He chuckled. He knew that she would worm her way to this point, and despite that knowledge had hoped that this last secret would never have come to the light of day. He should have known better, especially with Mara around.

"The make-up of the team, seemed to be the deciding factor on who survived or not. If Alema and Zekk went on the strike team, there was more of a possibility that they would all die. If Ganner went as a fake team leader, there was more of a possibility that Anakin would die."

From behind him, he heard the sharp hiss of her drawing a breath. "You stacked the team so that it would be more likely that Anakin would die?"

He lowered his head slightly. "I stacked the team in an effort to give us, me, you, Ben, the entire galaxy, the best possible chance at a peaceful future."

"The good of the many, outweighs the good of the one? Is that what the Jedi believe now?"

He glanced over his shoulder, seeing the tears streak down her cheeks. "It's what the Jedi have always believed. It's part of the Old Order's rules against attachments. It's why they lived ascetic lives as monks."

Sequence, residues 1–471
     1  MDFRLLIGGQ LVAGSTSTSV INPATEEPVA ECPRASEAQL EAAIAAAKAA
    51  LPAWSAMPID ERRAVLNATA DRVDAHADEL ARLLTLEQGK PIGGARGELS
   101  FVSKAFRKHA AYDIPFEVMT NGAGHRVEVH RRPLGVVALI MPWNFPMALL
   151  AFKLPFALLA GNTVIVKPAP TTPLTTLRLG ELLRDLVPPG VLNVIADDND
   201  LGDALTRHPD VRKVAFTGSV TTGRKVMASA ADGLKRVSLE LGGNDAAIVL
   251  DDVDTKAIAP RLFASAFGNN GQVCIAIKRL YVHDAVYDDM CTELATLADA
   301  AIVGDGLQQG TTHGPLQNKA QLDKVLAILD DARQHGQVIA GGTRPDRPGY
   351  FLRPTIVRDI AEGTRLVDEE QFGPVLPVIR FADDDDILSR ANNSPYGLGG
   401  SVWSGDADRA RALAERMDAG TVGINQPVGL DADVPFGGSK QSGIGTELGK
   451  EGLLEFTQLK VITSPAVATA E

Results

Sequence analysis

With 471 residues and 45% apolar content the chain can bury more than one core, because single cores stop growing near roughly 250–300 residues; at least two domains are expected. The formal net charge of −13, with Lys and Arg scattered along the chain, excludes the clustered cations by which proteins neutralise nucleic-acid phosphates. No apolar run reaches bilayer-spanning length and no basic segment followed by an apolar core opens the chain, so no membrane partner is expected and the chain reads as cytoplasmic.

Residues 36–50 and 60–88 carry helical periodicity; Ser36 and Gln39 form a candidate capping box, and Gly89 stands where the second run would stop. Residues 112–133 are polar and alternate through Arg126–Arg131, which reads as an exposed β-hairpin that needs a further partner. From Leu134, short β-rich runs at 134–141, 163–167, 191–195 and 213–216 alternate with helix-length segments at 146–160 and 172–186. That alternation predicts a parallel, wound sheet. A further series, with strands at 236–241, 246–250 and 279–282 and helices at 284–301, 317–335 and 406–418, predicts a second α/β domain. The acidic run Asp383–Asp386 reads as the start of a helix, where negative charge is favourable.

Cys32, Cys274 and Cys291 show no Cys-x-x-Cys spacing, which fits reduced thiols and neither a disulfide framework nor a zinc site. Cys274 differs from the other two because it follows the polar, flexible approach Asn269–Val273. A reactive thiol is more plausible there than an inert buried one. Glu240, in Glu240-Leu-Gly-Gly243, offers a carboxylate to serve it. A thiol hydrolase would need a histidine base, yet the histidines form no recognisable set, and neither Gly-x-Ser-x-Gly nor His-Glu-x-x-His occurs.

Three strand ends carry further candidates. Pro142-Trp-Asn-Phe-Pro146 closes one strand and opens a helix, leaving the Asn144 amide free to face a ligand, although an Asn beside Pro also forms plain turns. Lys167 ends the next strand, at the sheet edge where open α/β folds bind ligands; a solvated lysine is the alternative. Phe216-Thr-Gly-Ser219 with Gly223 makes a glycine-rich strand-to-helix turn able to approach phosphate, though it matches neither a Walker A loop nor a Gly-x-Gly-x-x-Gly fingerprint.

Mara did not respond, and he turned to look back at the clouds. Searching for patterns in the random movements. After a while, he heard the door open and close, and knew that she had snuck away. For a moment, he thought of chasing after her, trying to explain to her more. But he knew that she would not go alert Lando or Han or Leia. That she wouldn't change the future that he had put into motion.

She was too attached to Ben for that; after all she loved their son more than their nephew.

For another moment, he wondered why tears would not come. Why he could not cry for the nephew he had just sent to die. For all the young Jedi that he had just sent to die.

Even as he wondered, he knew the answer. He couldn't cry because he was happy. Happy at the peace that would come later.

And though he hated himself for the thought, Luke Skywalker knew that Anakin Solo's life was a price worth paying for peace.